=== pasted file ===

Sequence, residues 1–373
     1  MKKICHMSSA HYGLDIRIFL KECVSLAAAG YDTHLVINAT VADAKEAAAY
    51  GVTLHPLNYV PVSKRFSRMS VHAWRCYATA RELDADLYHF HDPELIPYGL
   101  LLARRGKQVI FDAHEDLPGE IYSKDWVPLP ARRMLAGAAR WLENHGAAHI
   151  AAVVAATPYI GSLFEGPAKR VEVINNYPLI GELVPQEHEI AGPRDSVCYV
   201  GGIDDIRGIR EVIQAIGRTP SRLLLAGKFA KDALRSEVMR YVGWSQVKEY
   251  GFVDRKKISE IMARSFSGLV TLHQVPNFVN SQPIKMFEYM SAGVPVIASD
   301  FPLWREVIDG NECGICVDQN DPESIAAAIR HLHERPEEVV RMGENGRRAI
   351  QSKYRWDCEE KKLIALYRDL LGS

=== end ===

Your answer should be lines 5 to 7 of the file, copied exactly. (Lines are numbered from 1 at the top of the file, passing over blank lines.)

   151  AAVVAATPYI GSLFEGPAKR VEVINNYPLI GELVPQEHEI AGPRDSVCYV
   201  GGIDDIRGIR EVIQAIGRTP SRLLLAGKFA KDALRSEVMR YVGWSQVKEY
   251  GFVDRKKISE IMARSFSGLV TLHQVPNFVN SQPIKMFEYM SAGVPVIASD